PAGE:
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Letter from the PM Team

A debate between Project Managers around which one of the two methodologies, waterfall or agile, is the best.

If there is one question our Project Management team has received constantly in the past decade is “which one of the two methodologies, waterfall or agile, is the best?”. And it is no wonder, with world around us is moving with the highest pace ever, while organizations are pushing for better time to market results and with board members determined to show best-in-class services for their customers, all while adapting to an ever-changing environment.

No matter if you’ve led hundreds of teams in delivering projects or coached individuals in understanding their role in a new agile world, you find yourself challenged by such a straightforward question. Because, while the answer might be simple, based on your experience or professional results, the truth is unfolding itself differently and way more complex when it comes to real life practice. Therefore, the answer starts always with a rather disappointing “it depends!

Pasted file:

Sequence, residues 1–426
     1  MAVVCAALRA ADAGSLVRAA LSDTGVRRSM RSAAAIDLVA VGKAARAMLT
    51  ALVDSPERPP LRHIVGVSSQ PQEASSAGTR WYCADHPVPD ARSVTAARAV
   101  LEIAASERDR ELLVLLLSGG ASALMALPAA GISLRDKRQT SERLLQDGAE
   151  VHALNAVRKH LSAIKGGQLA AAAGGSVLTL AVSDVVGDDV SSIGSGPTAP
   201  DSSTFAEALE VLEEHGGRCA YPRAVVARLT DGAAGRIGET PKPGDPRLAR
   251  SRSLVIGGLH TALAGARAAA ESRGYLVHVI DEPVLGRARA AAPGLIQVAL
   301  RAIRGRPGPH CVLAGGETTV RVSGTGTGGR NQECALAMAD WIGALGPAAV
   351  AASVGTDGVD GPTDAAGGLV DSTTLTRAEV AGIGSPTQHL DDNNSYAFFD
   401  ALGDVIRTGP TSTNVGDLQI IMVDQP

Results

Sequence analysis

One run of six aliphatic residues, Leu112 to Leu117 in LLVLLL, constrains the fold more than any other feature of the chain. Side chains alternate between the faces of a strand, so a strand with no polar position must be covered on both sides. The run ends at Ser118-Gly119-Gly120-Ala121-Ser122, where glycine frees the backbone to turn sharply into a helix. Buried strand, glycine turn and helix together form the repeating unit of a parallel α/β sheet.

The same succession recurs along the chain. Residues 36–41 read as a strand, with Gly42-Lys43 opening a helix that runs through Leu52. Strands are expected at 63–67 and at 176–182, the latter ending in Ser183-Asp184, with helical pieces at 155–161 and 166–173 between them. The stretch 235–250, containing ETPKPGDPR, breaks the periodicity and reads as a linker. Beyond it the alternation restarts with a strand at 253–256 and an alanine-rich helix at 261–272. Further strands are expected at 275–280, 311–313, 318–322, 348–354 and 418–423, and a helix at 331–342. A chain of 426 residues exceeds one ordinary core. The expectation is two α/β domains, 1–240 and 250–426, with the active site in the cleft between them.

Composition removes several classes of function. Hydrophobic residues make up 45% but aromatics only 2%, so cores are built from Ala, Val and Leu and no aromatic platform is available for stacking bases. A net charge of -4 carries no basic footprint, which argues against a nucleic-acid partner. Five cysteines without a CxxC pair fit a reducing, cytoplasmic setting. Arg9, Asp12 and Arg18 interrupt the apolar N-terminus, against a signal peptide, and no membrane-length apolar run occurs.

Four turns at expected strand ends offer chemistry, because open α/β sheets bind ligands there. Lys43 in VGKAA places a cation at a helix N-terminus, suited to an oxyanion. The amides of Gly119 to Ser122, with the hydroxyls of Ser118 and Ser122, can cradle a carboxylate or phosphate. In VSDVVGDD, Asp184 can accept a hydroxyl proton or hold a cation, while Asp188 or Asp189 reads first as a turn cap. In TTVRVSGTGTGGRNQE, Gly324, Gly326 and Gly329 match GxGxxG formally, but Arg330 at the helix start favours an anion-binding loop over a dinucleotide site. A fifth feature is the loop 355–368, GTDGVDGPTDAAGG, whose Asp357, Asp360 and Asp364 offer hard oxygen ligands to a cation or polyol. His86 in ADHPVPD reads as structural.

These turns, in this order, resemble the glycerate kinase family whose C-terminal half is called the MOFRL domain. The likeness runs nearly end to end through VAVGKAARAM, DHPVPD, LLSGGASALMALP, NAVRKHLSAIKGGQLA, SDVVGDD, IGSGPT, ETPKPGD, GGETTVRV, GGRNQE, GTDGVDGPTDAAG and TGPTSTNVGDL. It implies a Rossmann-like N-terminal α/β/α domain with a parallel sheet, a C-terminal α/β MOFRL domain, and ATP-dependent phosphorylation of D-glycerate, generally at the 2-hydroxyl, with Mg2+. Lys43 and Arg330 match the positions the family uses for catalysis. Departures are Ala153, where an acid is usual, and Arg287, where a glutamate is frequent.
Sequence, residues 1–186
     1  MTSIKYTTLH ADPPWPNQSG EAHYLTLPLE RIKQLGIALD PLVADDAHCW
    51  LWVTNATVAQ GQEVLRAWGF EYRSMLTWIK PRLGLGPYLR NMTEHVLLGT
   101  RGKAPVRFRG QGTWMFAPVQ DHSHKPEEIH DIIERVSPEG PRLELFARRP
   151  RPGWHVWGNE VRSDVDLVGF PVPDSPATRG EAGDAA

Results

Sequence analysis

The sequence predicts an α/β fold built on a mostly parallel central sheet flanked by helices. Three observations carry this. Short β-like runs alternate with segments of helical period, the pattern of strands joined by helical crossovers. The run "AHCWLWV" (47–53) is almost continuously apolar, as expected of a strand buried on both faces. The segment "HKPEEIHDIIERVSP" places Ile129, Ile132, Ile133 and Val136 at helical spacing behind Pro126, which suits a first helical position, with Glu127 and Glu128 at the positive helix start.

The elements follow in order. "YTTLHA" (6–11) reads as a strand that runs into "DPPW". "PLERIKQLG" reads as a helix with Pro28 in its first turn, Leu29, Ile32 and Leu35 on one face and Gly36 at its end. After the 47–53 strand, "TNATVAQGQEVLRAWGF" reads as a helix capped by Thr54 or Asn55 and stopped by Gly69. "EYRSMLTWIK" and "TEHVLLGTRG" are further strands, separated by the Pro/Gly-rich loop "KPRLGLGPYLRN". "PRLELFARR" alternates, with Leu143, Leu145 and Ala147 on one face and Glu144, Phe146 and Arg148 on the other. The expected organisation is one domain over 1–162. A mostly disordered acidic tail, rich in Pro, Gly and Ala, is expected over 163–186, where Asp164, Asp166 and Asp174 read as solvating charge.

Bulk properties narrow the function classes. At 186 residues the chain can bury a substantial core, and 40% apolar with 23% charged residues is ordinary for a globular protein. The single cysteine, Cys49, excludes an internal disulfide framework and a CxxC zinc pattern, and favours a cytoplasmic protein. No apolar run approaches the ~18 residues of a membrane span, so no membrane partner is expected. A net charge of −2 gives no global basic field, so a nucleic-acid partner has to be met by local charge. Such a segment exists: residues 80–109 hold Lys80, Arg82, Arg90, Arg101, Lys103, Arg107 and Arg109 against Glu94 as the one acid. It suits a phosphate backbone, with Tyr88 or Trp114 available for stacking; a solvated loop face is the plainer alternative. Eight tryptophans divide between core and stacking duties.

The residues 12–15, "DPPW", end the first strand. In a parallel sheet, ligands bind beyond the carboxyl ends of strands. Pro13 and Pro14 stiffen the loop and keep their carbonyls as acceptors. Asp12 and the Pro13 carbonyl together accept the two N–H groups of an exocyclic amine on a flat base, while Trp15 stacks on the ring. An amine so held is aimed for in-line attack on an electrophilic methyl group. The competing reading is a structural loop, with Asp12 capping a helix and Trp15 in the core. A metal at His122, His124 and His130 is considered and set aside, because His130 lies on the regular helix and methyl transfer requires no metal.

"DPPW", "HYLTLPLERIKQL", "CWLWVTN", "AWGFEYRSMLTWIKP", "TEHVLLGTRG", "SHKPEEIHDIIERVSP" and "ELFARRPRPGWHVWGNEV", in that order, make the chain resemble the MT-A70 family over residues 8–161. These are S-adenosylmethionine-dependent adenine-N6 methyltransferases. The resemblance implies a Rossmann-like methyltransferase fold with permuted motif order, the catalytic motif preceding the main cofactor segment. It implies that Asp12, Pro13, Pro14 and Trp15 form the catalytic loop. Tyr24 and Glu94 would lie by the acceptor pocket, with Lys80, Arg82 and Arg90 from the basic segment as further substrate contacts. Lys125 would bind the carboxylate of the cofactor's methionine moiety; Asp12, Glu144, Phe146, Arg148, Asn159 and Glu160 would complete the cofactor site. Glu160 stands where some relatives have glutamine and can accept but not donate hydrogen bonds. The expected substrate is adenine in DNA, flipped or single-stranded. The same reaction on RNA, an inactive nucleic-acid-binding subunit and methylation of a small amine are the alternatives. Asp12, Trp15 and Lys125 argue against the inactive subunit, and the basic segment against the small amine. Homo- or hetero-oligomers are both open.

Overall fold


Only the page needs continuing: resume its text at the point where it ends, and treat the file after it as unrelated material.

And the reason it truly depends is because, same as in everything surrounding us, there is no “one size fits all”. Last couple of years have seen more organization deciding to become more agile, as simple as such. As if just deciding it, things will turn immediately in the agile direction and from the next day employees will transform themselves in the high performing and self-organizing team each scrum master dreams about. While being an admirable decision and at least a curve ball in how projects used to be managed, I always compared the journey to “agilization” to a marathon, rather than a “sprint” (pun intended 😊). You need to train for it: as individual, as a team, as an organization.

Therefore, to reach performance in an agile set-up, every organization must undergo a serious transformation. Each individual needs to understand the “why”s and the “how”s and give their buy-in. Otherwise, your strategic objective will end up being a nice bullet point in a presentation.

All these efforts require time and effort, which in any business translate into costs. And this is where the though decisions must be made: do we invest in getting ready and in preparing on the long run, or we simply try to be agile from the get-go and learn by doing.